VIDEO: Would-be drivers caught cheating on ICBC licence test

Most people caught on the surveillance footage were using smartphones to cheat

Cheating on a test at school is bad, but cheating on a test that gets you behind the wheel of a two-tonne vehicle is something else.

That doesn’t stop people from trying on their written driver’s licence tests, ICBC says.

The insurance corporation has released four videos showing four cases of cheating at driving service centres in the Lower Mainland, including two instances by the same woman.

ICBC spokesperson Joanna Linsangan said the hope is that aspiring drivers are encouraged to put in the time to study, read the manual, and take the online practice test.

“If there is one test you wouldn’t want to cheat on, it’s this one, because the consequences of cheating on this one are far greater than a math test,” she said.

“You not knowing the rules of the road could land you [or someone else] in the hospital with a broken bone.”

Most of the cheating caught on the surveillance footage involves smartphones. In one case, a woman can be seen first using her phone to look at saved photos of practice test answers. In another instance, the same woman is seen taking photos of the driver’s test, possibly for a friend.

READ MORE: Man caught on camera allegedly trying to defraud ICBC

READ MORE: ICBC expecting $1.18 billion annual loss as new injury caps take effect

A man is seen using what appears to be an answer key from a previous test.

Answer keys or saved photos won’t offer much help, Linsangan said, even if the person doesn’t get caught. The system that runs the test uses several tools to combat cheating.

First, there’s a large bank of questions to choose from. The order of questions selected and sequence of multiple choice options are also reordered with every new test.

The driving centres also use facial recognition, making it nearly impossible for someone to have another person stand in for them to take their test.

Fortunately, Linsangan said cheating doesn’t happen very often, and ICBC undergoes regular internal audits that include checking surveillance footage at each driving centre.

Roughly 300,000 crashes are reported each year in B.C. With crash rates increasing steadily over the past five years, she said the training is more important than ever.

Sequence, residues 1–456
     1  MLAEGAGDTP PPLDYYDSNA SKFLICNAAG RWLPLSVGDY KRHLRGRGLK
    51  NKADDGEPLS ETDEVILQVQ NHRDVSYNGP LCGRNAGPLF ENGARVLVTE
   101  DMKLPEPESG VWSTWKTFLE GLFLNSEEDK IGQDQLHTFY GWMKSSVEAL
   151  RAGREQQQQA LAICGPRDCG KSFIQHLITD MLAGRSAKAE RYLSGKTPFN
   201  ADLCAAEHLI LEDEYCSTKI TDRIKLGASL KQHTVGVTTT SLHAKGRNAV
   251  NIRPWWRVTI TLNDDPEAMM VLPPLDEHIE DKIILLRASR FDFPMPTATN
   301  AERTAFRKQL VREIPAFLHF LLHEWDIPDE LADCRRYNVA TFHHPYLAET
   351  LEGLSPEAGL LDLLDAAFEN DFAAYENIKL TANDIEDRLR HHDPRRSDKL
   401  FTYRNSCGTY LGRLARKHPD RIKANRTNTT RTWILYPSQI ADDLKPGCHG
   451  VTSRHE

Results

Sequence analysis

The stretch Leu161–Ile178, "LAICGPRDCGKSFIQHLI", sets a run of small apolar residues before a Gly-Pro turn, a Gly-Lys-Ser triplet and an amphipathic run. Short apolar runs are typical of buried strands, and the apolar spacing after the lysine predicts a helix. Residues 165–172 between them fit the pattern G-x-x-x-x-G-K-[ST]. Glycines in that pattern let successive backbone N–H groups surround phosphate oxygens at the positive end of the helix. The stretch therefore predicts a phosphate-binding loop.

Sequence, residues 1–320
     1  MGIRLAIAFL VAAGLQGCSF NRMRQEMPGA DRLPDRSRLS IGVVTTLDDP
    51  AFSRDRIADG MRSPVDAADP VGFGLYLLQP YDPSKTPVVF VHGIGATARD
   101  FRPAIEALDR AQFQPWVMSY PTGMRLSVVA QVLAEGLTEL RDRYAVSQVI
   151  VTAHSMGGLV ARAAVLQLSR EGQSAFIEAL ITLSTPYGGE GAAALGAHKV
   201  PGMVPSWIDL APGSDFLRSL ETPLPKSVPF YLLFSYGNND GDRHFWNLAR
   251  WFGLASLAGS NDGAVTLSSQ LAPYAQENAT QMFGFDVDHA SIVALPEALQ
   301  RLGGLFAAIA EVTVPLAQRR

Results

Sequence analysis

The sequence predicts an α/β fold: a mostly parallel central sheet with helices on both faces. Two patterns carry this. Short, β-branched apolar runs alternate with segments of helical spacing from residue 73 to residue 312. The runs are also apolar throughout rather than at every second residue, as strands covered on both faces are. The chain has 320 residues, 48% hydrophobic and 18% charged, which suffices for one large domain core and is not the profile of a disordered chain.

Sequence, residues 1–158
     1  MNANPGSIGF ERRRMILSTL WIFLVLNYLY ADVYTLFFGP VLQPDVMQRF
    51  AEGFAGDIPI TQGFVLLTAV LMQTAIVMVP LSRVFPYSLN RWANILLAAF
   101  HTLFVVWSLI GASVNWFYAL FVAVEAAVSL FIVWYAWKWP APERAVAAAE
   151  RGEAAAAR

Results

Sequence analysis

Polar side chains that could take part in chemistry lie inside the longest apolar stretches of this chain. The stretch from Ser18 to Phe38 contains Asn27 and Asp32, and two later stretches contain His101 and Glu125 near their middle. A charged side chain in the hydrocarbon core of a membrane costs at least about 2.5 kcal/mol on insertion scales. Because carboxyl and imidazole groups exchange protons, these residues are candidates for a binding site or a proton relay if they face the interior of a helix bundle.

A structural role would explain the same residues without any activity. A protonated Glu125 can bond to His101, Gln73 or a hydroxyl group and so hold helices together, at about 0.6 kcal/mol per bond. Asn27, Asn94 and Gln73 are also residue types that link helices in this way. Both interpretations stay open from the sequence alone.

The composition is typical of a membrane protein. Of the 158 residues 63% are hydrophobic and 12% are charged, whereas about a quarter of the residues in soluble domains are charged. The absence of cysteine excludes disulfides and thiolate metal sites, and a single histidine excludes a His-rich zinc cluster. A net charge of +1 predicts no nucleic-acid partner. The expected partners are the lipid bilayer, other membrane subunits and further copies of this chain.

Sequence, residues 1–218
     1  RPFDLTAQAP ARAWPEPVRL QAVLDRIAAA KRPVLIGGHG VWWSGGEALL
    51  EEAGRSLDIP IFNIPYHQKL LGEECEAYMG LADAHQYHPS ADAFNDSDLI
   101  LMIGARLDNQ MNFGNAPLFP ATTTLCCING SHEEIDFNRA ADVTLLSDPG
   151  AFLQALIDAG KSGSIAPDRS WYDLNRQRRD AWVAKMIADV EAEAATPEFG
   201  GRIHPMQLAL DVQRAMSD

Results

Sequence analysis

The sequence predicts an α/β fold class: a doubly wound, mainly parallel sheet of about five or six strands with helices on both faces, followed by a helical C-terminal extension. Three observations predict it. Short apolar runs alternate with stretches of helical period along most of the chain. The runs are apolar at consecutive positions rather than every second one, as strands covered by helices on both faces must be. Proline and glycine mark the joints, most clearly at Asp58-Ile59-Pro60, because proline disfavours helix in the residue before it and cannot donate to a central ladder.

“What we really want to stress is it’s absolutely imperative to have this knowledge.”


@ashwadhwani
ashley.wadhwani@bpdigital.ca

Like us on Facebook and follow us on Twitter.

Just Posted

Bookfest helps fill school library shelves leading up to next week’s event

Vancouver Island Children’s Book Festival is June 1 at downtown Nanaimo venues

Students get a look at some of the City of Nanaimo’s inner workings

Hundreds of students participate in Public Works Day

Young Nanaimo man dies after losing control of ATV

Accident claimed the life of a 23-year-old south of Nanaimo over the long weekend

B.C. man’s failed bid to bar People’s Party name from byelection ends in $20k order

Federal judge shut down ‘nonsensical’ motion to bar use of party name in Nanaimo-Ladysmith byelection

Christmas morning burglar sentenced in Nanaimo

Justin Redmond Feusse, 20, sentenced to 240 days in jail for Christmas day break-and-enter

UPDATE: Suspected drunk driver crashes into line-painting truck on the highway in Nanaimo

Crash happened at 1 a.m. Wednesday on the Trans-Canada Highway near Duke Point Highway

RCMP probe if teen was intentionally hit with ski pole by mystery skier on B.C. mountain

The incident happened on March 20 on Grouse Mountain. Police are urging witnesses to come forward

Support growing for orphaned Okanagan child after father dies in highway crash

Family thanks emergency crews for assistance in traumatic incident

Pipeline protester chimes in on Justin Trudeau’s B.C. fundraising speech

The government purchased the Trans Mountain pipeline and expansion project for $4.5 billion

Baby boom seniors putting pressure on B.C. long-term care: report

B.C. leads Canada in growth of dementia, dependence on care

Canada stripping citizenship from Chinese man over alleged marriage fraud

The move comes amid severely strained relations between Ottawa and Beijing

Nevada court orders former Vancouver man to pay back $21.7M to investors

The commission says Michael Lathigee committed fraud over a decade ago

Nanaimo astronomers can hear about ultraviolet telescope’s galactic calculations

Canada’s space telescope to look at blue end of light spectrum to unveil mysteries of the universe

Most Read